Students find that PowerPoint presentations are useful for their study primarily because they provide a written artifact of lectures.  Printing class notes from the slides (usually posted on course web sites) was found to be important to many students.  Nevertheless, some students were less impressed with this technology, primarily because they found it either too passive or not available in a timely manner (i.e., in time to be printed before class).

Students Appreciate PowerPoint Notes for Streamlining Lectures

Students find that by printing the notes from a PowerPoint lecture before class they can spend more time actually listening to the lecture and filling in details on their print-outs.  This represents a shift in student note-taking habits (and potentially in their ability to recognize key points in oral presentations). 

Some students commented on the change in their learning/study habits due to the availability of PowerPoint lecture notes.  These changes included being more dependent on the notes and also being able to miss some classes and keep up with the course work.

Students Appreciate PowerPoint Slides That Are Clear

Students report that the standardization of PowerPoint slides is a useful tool in their learning. They also appreciate the legibility of the slides. 

However, when slides are overcrowded or presented too quickly, students express frustration with the tool.  These comments suggest that PowerPoint is a useful tool for students, but that it requires instructors to learn new strategies for conveying information. 

Students Find PowerPoint Lectures to be More Visual and Interesting

Students say that the use of PowerPoint enhances their learning when the slides present information visually.  Knowing that any course includes students with various learning styles, PowerPoint can be a useful tool to present information for visual learners. 

On the other hand, some students commented that PowerPoint lecture presentations actually decreased their visual learning in classes.  In particular, this was found in classes where the slides present a diagram that in a traditional classroom might have to be drawn by the professor while lecturing.  Some students expressed disappointment in the static image on the slide, preferring instructors to be more dynamic.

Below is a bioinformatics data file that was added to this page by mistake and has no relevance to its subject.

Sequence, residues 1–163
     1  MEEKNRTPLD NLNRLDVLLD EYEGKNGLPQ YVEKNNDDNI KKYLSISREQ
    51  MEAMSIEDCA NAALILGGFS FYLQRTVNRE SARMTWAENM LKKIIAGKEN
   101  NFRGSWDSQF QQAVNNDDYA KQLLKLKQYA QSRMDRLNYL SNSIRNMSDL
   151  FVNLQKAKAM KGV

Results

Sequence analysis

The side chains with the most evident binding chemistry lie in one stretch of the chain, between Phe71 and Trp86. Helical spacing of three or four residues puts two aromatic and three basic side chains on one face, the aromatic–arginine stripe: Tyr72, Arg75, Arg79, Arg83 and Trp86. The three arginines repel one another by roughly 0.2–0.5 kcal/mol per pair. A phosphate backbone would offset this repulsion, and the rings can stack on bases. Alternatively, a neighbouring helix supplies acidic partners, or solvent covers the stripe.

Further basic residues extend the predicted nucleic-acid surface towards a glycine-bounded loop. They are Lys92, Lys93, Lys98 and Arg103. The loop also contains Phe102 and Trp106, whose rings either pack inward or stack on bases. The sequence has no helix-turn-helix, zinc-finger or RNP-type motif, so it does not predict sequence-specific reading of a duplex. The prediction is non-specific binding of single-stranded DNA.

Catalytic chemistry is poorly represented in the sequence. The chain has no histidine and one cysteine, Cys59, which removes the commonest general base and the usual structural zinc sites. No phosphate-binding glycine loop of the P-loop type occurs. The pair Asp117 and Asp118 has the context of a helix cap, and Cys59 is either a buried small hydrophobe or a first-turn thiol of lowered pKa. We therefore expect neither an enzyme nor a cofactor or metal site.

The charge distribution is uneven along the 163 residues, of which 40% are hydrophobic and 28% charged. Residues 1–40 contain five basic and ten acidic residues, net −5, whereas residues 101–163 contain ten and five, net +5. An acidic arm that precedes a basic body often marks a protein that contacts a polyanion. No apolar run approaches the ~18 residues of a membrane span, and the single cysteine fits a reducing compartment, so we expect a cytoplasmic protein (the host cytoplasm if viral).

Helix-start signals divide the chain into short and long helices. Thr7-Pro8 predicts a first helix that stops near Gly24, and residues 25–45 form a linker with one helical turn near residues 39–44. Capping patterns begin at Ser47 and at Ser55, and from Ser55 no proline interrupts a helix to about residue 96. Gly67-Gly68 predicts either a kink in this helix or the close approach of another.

Students Find PowerPoint Causes Technical Difficulties

Many students commented on the amount of time they spent downloading PowerPoint slides and the inconvenience of this.  Students also noted the expense of printing the many pages of notes – some suggested they would prefer to pay for photocopies from a campus copy center. 

Email Top of Page

Email has become a fact of life for many at colleges and universities, including in the SON.  Students suggest that email is a useful tool for contacting professors and classmates and for getting questions asked and answered efficiently.

In general, email is:

Student Learning

Detracting from
Student Learning

  • By enabling students and instructors to communicate efficiently
  • By increasing the contact between students, instructors, and peers
  • By helping to build classroom community
  • When rules of consideration and etiquette are violated
  • When students do not have time to access email regularly

Students Value Email for Efficiency & Increased Contact

Students appreciate the ability to email professors and peers with questions and comments.  Not only does this help answer questions that student have, it increases their sense of community and connectedness with their courses.  Students particularly appreciate prompt email feedback. 

Though some students in distance learning courses commented that they missed the face-to-face interaction, email was seen to be a useful substitute. 

Students Are Frustrated by Time Management Issues